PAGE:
Past experience: There is no assurance that the legislative proposal will expand access to safe
care with methadone for OUD. Prior to the removal of the X-waiver requirement for
buprenorphine, most waivered clinicians rarely reached their patient limit. With removal of the
X-waiver requirement, the change in availability of OUD care is yet to be seen.
Challenges with pharmacies: Pharmacies present barriers to access for buprenorphine and a
source of diversion; this could be an issue for pharmacy-dispensed methadone for OUD.
Winstanley et al. reported that 34% of subjects in treatment had problems filling their
buprenorphine prescription. The Department of Justice has filed or settled cases for violations
of the Controlled Substances Act. Examples include cases against Rite Aid and Walmart among
others, and settled with CVS. In view of security concerns it is questionable how many
pharmacies would be willing to stock the high levels of methadone that are required by OUD
patients being treated with this medication.
Privacy risk: Methadone dispensed at a pharmacy would be entered into PDMPs. Reports show
that PDMP reports are not secure from law enforcement. The patient records under the
proposed legislation would not have the higher level of privacy afforded to 45 C.F.R. Part 2
facilities. This exacerbates concerns with compromised confidentiality. Privacy is foundational
to care for OUD as fears of stigma, losing employment, housing, custody, and insurance, deter
patients from treatment. These concerns are well documented in National Surveys on Drug Use
Other ways to expand access
There are other ways to expand access. It is anticipated that access will expand once the 42
C.F.R. Part 8 changes are finalized. The number of OTPs could increase. Mobile units have been
utilized and should be promoted. AMA policy encourages the expansion of OTPs, including
mobile units as well as ensuring availability of all forms of MOUD. Education, training, and
board certification: If M-OTAA is enacted, it will be imperative for addiction medicine physicians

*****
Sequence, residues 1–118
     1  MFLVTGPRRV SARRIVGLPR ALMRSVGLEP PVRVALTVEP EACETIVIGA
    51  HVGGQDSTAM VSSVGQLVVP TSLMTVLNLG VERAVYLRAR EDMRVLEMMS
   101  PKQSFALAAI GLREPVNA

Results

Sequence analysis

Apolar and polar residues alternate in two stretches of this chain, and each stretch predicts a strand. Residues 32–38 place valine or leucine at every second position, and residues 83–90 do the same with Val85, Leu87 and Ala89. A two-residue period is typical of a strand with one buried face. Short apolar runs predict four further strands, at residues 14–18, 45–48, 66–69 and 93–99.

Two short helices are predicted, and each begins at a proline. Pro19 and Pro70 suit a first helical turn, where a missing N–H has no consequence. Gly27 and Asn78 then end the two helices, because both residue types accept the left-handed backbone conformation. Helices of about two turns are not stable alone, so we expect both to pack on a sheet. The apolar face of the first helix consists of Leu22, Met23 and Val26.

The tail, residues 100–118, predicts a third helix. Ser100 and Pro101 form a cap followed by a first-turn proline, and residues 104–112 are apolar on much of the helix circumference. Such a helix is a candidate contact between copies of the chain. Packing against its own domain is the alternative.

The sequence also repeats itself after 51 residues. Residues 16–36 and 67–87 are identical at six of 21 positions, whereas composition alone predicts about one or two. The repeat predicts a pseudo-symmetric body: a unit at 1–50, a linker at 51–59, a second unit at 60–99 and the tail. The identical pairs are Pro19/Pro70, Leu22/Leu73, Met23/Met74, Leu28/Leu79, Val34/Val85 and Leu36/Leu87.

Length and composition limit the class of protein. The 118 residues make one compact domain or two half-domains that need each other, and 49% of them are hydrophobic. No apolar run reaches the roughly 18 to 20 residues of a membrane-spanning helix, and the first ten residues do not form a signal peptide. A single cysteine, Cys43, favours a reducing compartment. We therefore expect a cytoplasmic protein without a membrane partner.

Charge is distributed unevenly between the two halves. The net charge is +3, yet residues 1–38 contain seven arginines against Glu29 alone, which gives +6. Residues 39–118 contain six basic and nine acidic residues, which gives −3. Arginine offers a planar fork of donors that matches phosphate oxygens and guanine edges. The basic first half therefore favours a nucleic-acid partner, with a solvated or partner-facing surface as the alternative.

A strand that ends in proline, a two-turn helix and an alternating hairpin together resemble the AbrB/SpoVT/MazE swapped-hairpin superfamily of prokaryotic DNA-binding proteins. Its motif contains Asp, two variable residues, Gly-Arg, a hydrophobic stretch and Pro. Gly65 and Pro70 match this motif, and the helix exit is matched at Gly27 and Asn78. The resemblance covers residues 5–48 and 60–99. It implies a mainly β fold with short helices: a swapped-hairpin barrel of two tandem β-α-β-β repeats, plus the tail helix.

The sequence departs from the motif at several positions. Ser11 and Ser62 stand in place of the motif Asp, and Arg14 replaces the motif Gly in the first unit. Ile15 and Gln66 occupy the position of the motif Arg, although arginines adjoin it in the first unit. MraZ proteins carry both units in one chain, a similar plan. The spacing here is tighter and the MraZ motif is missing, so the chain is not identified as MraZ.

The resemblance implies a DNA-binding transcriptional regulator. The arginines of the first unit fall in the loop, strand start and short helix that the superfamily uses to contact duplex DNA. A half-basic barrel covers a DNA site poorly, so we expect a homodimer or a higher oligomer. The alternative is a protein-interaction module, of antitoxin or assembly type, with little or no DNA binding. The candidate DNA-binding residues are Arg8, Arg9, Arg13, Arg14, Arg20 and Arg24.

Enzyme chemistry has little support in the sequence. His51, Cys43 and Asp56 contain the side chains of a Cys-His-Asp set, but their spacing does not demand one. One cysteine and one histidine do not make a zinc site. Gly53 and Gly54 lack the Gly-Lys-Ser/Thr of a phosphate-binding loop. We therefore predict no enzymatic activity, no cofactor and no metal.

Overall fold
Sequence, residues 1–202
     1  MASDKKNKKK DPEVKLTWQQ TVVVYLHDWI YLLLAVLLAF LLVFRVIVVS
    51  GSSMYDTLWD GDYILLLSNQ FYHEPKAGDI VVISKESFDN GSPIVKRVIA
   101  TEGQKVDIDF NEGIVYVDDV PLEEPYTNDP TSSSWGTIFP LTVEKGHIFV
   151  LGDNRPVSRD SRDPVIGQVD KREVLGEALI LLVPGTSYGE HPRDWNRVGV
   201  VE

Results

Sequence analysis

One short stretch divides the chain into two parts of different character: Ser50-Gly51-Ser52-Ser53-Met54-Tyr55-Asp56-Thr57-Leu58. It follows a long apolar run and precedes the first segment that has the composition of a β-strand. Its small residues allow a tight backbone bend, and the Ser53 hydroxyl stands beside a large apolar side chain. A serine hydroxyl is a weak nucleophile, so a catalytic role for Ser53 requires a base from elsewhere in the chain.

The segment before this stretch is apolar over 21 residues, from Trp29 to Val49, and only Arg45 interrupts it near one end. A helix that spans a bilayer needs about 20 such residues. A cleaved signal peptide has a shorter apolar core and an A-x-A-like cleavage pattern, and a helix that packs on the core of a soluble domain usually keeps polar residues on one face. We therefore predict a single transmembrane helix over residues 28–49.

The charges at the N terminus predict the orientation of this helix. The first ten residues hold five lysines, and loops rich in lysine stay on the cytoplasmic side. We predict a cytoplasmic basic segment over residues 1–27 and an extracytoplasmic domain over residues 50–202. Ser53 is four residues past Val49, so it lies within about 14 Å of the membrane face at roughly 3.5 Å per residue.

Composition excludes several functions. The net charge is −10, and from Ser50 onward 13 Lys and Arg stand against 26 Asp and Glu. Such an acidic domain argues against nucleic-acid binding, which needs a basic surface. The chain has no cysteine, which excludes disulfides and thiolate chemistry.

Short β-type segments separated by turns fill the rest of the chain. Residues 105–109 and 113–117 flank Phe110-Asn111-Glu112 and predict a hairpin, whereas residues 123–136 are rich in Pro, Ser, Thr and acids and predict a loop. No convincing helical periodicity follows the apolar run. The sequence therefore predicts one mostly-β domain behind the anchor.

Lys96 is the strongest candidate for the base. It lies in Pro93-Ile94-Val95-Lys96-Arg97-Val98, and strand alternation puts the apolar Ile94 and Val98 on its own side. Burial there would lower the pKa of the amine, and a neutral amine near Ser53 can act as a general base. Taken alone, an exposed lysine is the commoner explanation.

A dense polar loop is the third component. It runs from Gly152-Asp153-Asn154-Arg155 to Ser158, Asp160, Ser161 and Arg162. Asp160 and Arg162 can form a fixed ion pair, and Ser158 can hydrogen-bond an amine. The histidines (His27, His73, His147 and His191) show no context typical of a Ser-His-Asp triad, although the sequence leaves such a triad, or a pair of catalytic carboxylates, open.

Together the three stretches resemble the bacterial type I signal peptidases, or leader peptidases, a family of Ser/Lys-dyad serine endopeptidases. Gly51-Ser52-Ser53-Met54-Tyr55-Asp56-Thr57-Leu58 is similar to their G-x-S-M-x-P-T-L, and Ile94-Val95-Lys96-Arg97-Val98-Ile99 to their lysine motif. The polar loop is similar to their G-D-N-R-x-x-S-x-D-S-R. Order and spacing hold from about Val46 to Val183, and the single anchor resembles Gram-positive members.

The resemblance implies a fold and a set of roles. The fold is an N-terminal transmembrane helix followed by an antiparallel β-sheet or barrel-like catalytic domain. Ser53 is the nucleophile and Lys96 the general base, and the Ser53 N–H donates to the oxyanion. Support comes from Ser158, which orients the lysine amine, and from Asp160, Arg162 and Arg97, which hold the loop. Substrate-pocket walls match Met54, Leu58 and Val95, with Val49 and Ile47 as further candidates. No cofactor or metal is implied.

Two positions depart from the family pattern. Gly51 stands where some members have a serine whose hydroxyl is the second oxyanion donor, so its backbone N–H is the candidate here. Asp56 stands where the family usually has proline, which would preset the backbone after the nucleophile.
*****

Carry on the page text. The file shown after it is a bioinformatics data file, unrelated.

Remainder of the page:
and addiction psychiatrists to have the requisite education, training, and board certification
testing that ensures the safe and effective management of the complex patients who are
treated with methadone for OUD. Since currently this clinical experience is limited mainly to
those who practice in OTPs, substantial attention will be necessary if the M-OTAA model is to
Additional organizations’ comments in reference to the Modernizing Opioid Treatment Access
National Association for Behavioral Healthcare wrote: “The potential for significant harm to
patients, particularly in populations that already suffer from health inequities: Recently
published studies of methadone take-home flexibilities showed that the regulatory changes
were not universally successful, with successful outcomes being limited only in highly stable
patients; and, equally important, within the treatment structure of OTPs.”
National Alliance for Medication Assisted Recovery said: “It is also important to remember that
the core evidence base which unequivocally demonstrates methadone’s efficacy was largely
conducted within or adjacent to the OTP system.”
The American Association for the Treatment of Opioid Dependence said: “…methadone
mortality reports from 2003 to 2010 [were reviewed]. The conclusion of all five reports was
remarkably consistent. Methadone mortality increased during that period of time when doctors
were prescribing methadone to treat pain and methadone was distributed through pharmacy